Tuesday, November 17, 2009

Blood Sugar

Control blood sugar levels, control your body.Many, if not all of us, know someone with Diabetes (whether it be type 1 or 2) who has to carefully monitor and regulate their blood sugar levels. In many Type 2 (Non-Insulin Dependent Diabetes Mellitus - NIDDM) cases, this can be accomplished by manipulating dietary carbohydrates, and incorporating exercise into a daily routine. Essentially, by eating the right carbs and working out, one can stabilize their blood sugar levels, and in some cases, even increase Insulin sensitivity in the long term.You might be thinking at this point "that's great, but I don't have Diabetes, so where is this going?"What we as health and fitness-conscious individuals can take away from the advice doctors of Diabetes patients have been doling out for years is an important lesson in hormone manipulation that can have a positive effect on both body composition and daily energy levels. The biggest reason we need to control blood sugar is Insulin. The hormone Insulin is released by the Pancreas as the body's response to elevated blood sugar. Insulin sends a signal to the body that the excess sugar in the blood stream should be taken up by the liver, and stored in fat cells and skeletal muscle tissue as Glycogen (the body's way of storing energy from carbohydrates). This is great for an athlete or bodybuilder after a tough workout or game, when their Glycogen stores are depleted severely. However, the negative side for the other 99% of us is that Insulin also tells the body to stop using fat as a fuel source, as it needs to use up the extra blood glucose before it causes organ damage. So, to sum that all up: If blood sugar is spiked by eating the wrong foods, Insulin is released to counteract the high levels. The Insulin in response, tells the body to only burn simple sugars for fuel, and to store the excess in muscle tissue and fat cells. It also tells your body not to use fat for energy - meaning that until that Insulin response has subsided, your body will not be able to burn off body fat!Another important aspect of controlling blood sugar is to regulate your energy levels throughout the day. Have you ever had a can of soda or a pixie stick and felt like you could run laps around the planet for about 15 minutes, only to then crash and need a nap immediately after? That little burst of energy is your body trying to get rid of extra blood sugar, and the crash is what happens when the sugar is out of the blood stream and your body still doesn't want to use fat as an energy source - leaving you with no immediate energy.To counteract this roller coaster energy trend, as well as avoid fat storage from Insulin release, we can simply control blood sugar by eating right and exercising. Studies have shown that over the long term, the body becomes more efficient at processing carbohydrates and responding to Insulin. In addition to exercise, eating the right kinds of carbs at even intervals can keep blood sugar levels at an even keel, rather than spiking at different intervals throughout the day. By spacing out good carbs (as opposed to eating all of your carbs in one giant bagel for breakfast), blood sugar will stay steady. These 'good' carbs are all complex carbohydrates that are digested slowly by the body and thus will not cause blood sugar to rise significantly, while 'bad' carbs digest very quickly into glucose and spike blood sugar.Good Carbs include:OatmealWhole Grain breadsBrown RiceVegetables such as Broccoli, Beans, Spinach, and Sweet PotatoesBad Carbs include:Sugary Drinks like Soda, 'Fruit juice' (often minimal real juice, with tons of added corn syrup), and GatoradeWhite Bread (including most bagels)White RiceMost processed snack bars that come in a box.Pretzels made with White flour (starting to see a trend in the White products?)Candy, Cakes, and similar dessert items.In conclusion, by spacing out our healthy carbs (most of which, by the way, are nutrient-dense foods that we can take necessary vitamins and minerals, as well as fiber from) and working out consistently, we can control blood sugar levels and minimize the body's release of Insulin - thus allowing us to keep burning fat for fuel, and have a steady supply of energy throughout the day.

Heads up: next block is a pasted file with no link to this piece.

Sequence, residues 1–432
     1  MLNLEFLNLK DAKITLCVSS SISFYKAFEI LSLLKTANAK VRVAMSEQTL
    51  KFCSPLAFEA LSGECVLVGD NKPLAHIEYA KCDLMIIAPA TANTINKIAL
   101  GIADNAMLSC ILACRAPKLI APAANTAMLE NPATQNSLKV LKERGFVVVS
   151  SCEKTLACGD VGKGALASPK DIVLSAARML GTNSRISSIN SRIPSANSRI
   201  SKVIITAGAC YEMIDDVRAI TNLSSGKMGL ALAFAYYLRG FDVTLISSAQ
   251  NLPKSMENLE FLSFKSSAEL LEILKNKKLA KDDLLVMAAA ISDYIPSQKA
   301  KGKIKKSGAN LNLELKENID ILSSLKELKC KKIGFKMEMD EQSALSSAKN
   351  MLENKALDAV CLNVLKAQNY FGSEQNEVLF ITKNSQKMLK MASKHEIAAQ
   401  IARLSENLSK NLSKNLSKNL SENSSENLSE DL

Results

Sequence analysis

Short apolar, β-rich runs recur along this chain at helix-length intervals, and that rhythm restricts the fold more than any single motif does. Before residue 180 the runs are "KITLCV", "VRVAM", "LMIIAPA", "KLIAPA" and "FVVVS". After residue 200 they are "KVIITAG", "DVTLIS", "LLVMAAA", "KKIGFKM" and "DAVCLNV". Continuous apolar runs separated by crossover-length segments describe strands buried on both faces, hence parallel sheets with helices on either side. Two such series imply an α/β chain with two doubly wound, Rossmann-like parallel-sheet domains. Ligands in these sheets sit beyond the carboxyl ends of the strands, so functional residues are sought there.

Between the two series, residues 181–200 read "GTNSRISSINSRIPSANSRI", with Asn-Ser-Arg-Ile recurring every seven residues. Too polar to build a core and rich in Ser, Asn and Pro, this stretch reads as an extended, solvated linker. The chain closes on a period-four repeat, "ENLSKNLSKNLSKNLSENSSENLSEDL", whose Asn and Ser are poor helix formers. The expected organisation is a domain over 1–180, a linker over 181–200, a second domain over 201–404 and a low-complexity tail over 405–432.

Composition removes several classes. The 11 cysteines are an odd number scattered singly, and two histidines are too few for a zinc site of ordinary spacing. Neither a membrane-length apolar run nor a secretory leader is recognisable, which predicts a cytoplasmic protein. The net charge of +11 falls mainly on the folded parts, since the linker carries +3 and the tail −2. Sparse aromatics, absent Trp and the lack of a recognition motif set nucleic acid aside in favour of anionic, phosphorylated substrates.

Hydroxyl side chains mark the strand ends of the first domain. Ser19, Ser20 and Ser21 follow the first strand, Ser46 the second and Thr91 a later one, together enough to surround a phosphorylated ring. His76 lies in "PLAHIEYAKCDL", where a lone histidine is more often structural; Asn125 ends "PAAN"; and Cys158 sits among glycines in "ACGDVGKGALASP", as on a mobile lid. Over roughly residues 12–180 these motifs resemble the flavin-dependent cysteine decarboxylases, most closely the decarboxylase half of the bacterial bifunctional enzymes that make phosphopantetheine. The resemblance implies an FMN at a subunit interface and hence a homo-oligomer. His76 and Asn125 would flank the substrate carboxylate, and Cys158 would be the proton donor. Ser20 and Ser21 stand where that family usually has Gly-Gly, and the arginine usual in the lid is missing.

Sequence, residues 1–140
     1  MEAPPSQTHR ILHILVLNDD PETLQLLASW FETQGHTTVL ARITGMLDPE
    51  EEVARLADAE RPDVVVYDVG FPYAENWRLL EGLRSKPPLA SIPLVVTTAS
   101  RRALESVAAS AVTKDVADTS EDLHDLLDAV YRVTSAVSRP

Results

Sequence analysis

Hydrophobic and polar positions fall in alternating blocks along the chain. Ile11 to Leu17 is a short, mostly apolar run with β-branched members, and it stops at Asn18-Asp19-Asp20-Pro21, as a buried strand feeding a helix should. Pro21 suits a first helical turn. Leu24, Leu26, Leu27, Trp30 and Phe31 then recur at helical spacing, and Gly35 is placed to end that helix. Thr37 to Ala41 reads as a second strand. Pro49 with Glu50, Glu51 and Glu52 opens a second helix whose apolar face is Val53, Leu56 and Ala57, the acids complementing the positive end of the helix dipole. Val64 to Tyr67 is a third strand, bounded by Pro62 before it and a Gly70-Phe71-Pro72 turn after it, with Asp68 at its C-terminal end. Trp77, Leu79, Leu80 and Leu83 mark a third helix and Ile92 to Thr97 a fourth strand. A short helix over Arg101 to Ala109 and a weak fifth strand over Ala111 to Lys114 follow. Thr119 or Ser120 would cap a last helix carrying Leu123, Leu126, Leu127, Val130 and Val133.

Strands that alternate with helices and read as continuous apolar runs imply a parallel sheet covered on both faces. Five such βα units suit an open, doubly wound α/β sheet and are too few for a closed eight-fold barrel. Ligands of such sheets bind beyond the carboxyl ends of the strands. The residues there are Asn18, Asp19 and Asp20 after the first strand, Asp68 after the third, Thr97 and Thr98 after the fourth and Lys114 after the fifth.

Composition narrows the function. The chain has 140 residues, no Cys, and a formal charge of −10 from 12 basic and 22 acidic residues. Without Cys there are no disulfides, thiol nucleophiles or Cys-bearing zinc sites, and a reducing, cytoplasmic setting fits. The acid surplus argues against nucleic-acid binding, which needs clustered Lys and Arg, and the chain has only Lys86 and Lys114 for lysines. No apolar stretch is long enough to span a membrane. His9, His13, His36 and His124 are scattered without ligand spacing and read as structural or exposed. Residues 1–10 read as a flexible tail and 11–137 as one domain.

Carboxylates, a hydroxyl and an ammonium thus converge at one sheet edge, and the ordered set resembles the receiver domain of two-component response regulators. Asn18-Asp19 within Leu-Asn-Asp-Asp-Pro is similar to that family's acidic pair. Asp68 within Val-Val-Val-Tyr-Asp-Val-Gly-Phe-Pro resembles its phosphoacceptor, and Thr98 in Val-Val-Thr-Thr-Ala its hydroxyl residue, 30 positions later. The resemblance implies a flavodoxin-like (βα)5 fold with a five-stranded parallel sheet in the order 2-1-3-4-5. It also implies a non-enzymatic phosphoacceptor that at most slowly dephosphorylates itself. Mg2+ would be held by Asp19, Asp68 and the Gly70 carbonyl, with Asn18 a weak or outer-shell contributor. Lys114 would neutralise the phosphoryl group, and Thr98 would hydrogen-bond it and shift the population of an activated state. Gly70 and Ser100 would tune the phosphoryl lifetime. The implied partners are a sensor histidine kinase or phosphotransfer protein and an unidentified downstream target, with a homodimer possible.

Steve Decker ChrisFit Personal Training http://www.chrisfit.net/

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